Can we just stop fak­ing it

The Citizen (KZN) - - OPINION - Bren­dan Seery

‘Fake news” is not some­thing new, some­thing which just ar­rived with the in­ter­net and so­cial me­dia. One of our read­ers re­minded me re­cently of what is still re­garded as one of the most fa­mous ex­am­ples of fic­tion mas­querad­ing as fact ... and the wide­spread panic it sewed as a re­sult.

Just over 80 years ago, in Oc­to­ber 1938, ac­tor Or­son Welles, who went on to be­come a fa­mous film maker, got be­hind a mi­cro­phone in the CBS net­work ra­dio stu­dios to nar­rate a drama­tised ver­sion of HG Wells’ novel, The War of the Worlds, which has Mar­tians in­vad­ing Earth and tak­ing over New York City.

Al­though there was a short an­nounce­ment that the up­com­ing pro­gramme was fic­tion, many peo­ple missed that warn­ing and so re­al­is­tic was the script – in­clud­ing phone-in re­ports from the “scene” – that many cit­i­zens on the US East Coast pan­icked.

As the show was wrap­ping up, CBS was field­ing calls from news­pa­per re­porters and ac­cused of be­ing reck­less. One of the points which made crit­ics an­gry was the fact that Welles had pack­aged ev­ery­thing in news bul­letin for­mat, which added to the re­al­ism ... and panic.

Late last year, a sim­i­lar pub­lic­ity stunt – the launch of a “drive-through pub” in Four­ways in Johannesburg – suck­ered many, not only on so­cial me­dia, but also in the main­stream. It was a few days be­fore the real in­tent be­came known – but not be­fore the Joburg Metro cops said they would raid the place and close it down.

The in­ten­tion was good – to fo­cus on drunken driv­ing – but it was just more fake news, at a time when South Africans are es­pe­cially gullible.

Last week, Drive Dry (a sim­i­lar anti-booz­ing cam­paign by al­co­hol gi­ant Di­a­geo) worked with Volk­swa­gen and No­muzi Mabena, who goes by the stage name Moozlie and claims to be a rap­per, to put out a sim­i­lar but far more dis­turb­ing piece of fake news on so­cial me­dia.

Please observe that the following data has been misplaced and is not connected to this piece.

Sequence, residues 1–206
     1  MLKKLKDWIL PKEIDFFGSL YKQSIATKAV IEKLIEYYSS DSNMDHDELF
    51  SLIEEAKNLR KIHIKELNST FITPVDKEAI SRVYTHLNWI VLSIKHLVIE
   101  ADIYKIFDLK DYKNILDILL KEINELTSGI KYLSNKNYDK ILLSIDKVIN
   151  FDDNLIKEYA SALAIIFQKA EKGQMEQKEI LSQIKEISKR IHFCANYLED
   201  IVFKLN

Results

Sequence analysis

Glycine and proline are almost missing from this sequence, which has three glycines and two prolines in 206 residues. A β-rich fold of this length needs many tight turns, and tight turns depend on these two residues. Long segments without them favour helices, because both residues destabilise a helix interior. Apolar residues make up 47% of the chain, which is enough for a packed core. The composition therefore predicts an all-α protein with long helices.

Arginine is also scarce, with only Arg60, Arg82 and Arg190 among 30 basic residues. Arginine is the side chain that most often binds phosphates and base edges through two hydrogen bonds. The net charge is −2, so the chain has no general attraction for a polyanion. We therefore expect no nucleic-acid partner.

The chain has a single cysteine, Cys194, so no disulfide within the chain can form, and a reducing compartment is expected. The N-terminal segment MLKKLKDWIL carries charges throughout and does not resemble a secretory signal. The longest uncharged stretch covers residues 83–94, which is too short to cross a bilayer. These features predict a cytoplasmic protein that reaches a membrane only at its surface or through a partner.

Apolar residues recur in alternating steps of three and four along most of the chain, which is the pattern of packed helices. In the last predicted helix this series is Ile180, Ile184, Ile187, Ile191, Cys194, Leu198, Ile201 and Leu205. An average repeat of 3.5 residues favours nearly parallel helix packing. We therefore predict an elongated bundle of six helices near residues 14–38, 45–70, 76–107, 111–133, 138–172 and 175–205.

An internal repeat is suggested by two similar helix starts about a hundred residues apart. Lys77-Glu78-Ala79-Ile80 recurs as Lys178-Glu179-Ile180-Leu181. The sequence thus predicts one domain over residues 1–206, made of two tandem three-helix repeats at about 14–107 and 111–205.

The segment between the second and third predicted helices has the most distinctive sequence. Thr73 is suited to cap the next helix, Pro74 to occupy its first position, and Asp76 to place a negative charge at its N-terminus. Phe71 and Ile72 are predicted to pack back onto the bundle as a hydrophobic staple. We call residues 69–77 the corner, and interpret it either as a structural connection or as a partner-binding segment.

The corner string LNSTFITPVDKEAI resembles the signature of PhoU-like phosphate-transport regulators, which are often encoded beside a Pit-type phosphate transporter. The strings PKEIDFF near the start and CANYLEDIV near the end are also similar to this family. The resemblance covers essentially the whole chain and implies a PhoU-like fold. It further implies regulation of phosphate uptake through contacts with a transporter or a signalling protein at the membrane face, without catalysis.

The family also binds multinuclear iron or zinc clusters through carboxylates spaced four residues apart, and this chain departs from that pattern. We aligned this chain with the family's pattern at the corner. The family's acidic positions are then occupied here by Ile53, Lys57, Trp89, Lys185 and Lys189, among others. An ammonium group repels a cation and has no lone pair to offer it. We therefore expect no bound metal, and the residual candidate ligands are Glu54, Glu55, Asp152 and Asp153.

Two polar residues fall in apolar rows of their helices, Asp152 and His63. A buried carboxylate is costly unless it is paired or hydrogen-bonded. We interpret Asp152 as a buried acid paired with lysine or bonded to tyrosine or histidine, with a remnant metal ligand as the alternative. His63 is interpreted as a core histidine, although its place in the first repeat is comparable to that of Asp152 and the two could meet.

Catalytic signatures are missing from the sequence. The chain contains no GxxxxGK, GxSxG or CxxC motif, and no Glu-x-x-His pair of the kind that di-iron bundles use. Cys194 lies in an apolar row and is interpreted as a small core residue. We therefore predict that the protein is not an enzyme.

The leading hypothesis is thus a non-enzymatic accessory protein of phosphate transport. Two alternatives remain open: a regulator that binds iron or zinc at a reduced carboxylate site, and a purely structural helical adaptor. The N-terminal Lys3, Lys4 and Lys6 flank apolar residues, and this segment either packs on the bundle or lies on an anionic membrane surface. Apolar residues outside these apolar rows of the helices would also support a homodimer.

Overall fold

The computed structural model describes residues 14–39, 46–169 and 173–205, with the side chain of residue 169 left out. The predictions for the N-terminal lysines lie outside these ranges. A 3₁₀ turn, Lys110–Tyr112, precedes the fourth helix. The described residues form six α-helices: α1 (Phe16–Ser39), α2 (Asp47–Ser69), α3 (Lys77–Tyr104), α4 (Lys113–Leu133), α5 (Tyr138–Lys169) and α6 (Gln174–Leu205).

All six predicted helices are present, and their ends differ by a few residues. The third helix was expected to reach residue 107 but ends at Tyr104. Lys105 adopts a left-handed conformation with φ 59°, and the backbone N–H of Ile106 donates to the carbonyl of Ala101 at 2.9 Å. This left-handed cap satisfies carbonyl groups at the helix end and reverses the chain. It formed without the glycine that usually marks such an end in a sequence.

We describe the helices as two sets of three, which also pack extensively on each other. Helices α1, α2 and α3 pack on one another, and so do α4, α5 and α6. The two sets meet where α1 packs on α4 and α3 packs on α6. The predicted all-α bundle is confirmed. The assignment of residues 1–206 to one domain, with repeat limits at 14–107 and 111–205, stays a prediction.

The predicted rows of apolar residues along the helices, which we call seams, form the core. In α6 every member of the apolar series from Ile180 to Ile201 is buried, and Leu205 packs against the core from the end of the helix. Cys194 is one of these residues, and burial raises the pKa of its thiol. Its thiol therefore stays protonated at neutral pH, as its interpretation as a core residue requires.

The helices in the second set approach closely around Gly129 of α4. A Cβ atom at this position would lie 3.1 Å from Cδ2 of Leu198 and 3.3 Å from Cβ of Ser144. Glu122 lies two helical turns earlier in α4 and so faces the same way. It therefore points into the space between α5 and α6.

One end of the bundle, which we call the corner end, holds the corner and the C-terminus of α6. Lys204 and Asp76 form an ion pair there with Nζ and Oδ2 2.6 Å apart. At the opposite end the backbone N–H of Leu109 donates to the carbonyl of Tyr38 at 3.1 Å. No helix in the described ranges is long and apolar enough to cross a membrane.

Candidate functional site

Moozlie posted videos of her­self hav­ing a good time over a cou­ple of hours, the booze flow­ing freely. She then climbed into a VW Golf GTI and was broad­cast­ing more videos to her fans as she drove, when there was a screech of brakes and crash­ing sounds, images of a shat­tered wind­screen ... and then noth­ing.

And that’s how it re­mained for al­most 24 hours as fans pan­icked about whether she was alive or dead. Time, of course, when the so­cial me­dia “en­gage­ment” num­bers spi­ralled. Which is what the mar­ket­ing clevers want.

When it was all re­vealed as a anti-drunk driv­ing stunt, there was a bit of a back­lash by peo­ple who felt they had been mis­led or even lied to.

Mar­ket­ing ex­pert Mike Stop­forth tweeted: “In a uni­verse of poor aware­ness ideas, this was an ex­traor­di­nar­ily poor one. Es­pe­cially con­sid­er­ing fans were left a whole night to won­der what had hap­pened.”

Some did ac­knowl­edge the “gut punch” na­ture of the stunt, say­ing it con­veyed graph­i­cally the dan­ger of booz­ing and driv­ing.

The prob­lem is, though, that this fake news is merely “cry­ing wolf”. The next time some­one wants to do an “ef­fec­tive” piece of pub­lic ser­vice stunt­ing, it will have to be even more shock­ing. What will they do? Live “ex­e­cu­tions” on Face­book?

Some might say that the end jus­ti­fies the means – but be­ing de­lib­er­ately men­da­cious is not some­thing which is good for a brand.

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